I tied ten juju emergers last spring, and I tested them on several occasions during the early summer time frame when pale morning duns were active. I can report some success, but I also lost quite a few and reduced my supply to three. I suspect that my short supply affected my willingness to knot a juju emerger to my line, as I gravitated to the salvation nymph in many situations where a juju emerger might have been effective.
[pe2-image src=”http://lh3.googleusercontent.com/-9DvbjVe6BUg/VlzJ5WMfxKI/AAAAAAAA6dw/554a76WcnlQ/s144-c-o/PB300026.JPG” href=”https://picasaweb.google.com/108128655430094950653/11302015JujuEmerger#6223070772166902946″ caption=”Juju Emerger” type=”image” alt=”PB300026.JPG” ]
Since I had the requisite materials on hand, I decided to create twelve new flies to bring my total to fifteen. I completed this task several weeks ago, and I am anxious to utilize them for longer intervals during 2016. Charlie Craven’s recipe specifies size 18 hooks, so I complied with these directions and made eight. Once these were completed I clamped some size 16 hooks in my vice and produced four larger imitations.
[pe2-image src=”http://lh3.googleusercontent.com/-p9gZ4QcmoyM/VlzJ-QzB_NI/AAAAAAAA6eM/8FRexMUFEok/s144-c-o/PB300034.JPG” href=”https://picasaweb.google.com/108128655430094950653/11302015JujuEmerger#6223070856617262290″ caption=”Super Macro” type=”image” alt=”PB300034.JPG” ]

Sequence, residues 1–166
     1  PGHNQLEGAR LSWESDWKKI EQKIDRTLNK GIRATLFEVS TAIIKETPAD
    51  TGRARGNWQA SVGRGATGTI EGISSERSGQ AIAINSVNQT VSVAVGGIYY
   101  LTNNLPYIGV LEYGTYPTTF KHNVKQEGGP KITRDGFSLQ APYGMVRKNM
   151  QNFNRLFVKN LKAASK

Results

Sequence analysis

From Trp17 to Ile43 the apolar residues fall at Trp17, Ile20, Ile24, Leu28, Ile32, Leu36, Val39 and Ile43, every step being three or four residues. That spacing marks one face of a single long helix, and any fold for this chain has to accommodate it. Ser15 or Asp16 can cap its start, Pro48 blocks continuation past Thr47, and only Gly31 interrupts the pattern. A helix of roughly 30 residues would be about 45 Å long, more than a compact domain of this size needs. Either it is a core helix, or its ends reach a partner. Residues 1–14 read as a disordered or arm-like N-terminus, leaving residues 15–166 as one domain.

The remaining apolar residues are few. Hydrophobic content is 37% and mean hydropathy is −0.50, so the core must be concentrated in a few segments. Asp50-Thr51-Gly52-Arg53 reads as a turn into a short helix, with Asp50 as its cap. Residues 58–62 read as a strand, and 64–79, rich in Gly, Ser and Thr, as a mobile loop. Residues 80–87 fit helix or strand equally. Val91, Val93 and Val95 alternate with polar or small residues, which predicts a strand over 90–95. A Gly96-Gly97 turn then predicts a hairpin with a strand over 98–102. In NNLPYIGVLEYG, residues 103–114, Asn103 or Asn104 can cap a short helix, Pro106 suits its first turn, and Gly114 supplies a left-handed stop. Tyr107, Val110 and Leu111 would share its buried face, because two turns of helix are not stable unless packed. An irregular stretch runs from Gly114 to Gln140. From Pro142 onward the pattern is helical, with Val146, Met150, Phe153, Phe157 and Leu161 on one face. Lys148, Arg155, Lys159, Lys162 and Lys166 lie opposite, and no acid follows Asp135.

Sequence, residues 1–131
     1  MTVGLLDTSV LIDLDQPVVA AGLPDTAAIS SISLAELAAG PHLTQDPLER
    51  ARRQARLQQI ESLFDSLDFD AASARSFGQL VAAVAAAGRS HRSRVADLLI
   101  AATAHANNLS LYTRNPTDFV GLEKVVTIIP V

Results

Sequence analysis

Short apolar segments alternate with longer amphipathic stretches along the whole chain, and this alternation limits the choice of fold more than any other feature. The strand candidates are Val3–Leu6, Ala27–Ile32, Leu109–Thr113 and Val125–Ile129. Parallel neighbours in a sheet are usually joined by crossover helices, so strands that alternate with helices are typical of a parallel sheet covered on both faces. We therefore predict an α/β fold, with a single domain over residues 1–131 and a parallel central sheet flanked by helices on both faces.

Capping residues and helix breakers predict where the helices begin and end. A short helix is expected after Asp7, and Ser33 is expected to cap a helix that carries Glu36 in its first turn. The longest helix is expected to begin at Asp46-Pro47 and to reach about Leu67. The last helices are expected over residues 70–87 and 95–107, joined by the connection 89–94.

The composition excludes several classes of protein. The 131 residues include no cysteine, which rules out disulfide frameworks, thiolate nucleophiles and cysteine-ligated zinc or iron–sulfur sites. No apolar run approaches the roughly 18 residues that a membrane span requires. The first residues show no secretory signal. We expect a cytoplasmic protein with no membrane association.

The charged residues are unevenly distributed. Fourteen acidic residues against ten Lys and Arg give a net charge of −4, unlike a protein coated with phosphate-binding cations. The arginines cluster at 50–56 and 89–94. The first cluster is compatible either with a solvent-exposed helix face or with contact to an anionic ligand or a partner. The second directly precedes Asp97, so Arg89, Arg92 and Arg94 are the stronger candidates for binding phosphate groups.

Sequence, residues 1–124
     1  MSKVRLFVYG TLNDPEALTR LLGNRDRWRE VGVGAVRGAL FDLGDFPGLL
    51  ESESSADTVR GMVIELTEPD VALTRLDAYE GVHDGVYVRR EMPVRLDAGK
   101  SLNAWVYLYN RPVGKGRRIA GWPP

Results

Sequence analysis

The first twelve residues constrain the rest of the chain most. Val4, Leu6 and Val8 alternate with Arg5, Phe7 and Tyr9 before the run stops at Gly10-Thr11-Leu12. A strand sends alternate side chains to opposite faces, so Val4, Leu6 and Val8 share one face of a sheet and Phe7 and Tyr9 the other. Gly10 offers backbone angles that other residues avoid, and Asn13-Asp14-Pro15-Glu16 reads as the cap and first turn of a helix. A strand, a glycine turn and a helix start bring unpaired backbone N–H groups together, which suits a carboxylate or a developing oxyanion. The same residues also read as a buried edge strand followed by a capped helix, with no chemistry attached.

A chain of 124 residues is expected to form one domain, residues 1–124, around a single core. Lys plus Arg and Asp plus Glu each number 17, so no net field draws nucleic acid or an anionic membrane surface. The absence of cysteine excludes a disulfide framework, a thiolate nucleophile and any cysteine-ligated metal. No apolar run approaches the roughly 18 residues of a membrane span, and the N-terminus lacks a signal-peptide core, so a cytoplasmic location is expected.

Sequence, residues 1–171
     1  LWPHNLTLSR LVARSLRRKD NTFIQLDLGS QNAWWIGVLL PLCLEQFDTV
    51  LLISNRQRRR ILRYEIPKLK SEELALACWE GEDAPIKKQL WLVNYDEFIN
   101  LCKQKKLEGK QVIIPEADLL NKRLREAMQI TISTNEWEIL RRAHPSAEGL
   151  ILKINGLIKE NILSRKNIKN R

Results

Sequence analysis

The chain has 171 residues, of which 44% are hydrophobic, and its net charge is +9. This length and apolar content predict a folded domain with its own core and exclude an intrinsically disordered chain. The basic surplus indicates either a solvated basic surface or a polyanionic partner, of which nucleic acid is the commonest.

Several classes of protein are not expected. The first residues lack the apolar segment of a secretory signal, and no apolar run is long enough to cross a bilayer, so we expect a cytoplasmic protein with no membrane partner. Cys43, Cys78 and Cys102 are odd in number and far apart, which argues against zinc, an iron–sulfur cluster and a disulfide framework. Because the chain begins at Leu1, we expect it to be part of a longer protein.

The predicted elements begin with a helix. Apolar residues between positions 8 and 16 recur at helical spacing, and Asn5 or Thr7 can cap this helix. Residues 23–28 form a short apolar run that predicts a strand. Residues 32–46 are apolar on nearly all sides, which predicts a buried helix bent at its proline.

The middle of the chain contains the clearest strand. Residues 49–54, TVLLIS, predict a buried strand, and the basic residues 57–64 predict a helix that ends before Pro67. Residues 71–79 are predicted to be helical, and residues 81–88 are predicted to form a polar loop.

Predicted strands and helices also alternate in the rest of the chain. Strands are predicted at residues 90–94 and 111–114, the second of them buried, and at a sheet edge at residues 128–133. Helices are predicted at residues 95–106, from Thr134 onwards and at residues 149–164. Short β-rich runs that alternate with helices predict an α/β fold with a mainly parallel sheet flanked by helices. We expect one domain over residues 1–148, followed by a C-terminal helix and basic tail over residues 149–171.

On Friday December 11 Jane and I stopped at Charlie’s Fly Box in Old Arvada on our way to Golden. The main salesperson was busy with another customer, and Charlie Craven asked if he could help me. Rarely do I get an opportunity to speak with the owner of the shop and one of my favorite fly designers. Charlie helped me find the two packets of hooks that I was seeking, and then I took the opportunity to ask him about the juju emerger. I was surprised to learn that the pattern that I copied from his instructions is actually intended to be a blue winged olive imitation. The two strands of olive and one strand of brown super hair create an olive body with a segmented appearance similar to a baetis nymph. I now wonder if I should create some size 20’s and 22’s for the smaller broods of blue winged olives that emerge late in the season.
[pe2-image src=”http://lh3.googleusercontent.com/-ntpkqEinW9U/VmCBFuYklJI/AAAAAAAA6hI/CHpxxoFqcQo/s144-c-o/PC030036.JPG” href=”https://picasaweb.google.com/108128655430094950653/11302015JujuEmerger#6224116620376446098″ caption=”A Size 16 Juju Emerger” type=”image” alt=”PC030036.JPG” ]
Surprisingly Charlie told me I should use two brown and one black strand of super hair to mimic a pale morning dun emerger or alternatively two brown and one orange. Now that I learned this from the designer, I may produce some additional variants to imitate pale morning duns. I understand why I unknowingly selected the salvation nymph during pale morning dun hatches instead of the juju emergers…my juju emergers were designed for a different mayfly hatch!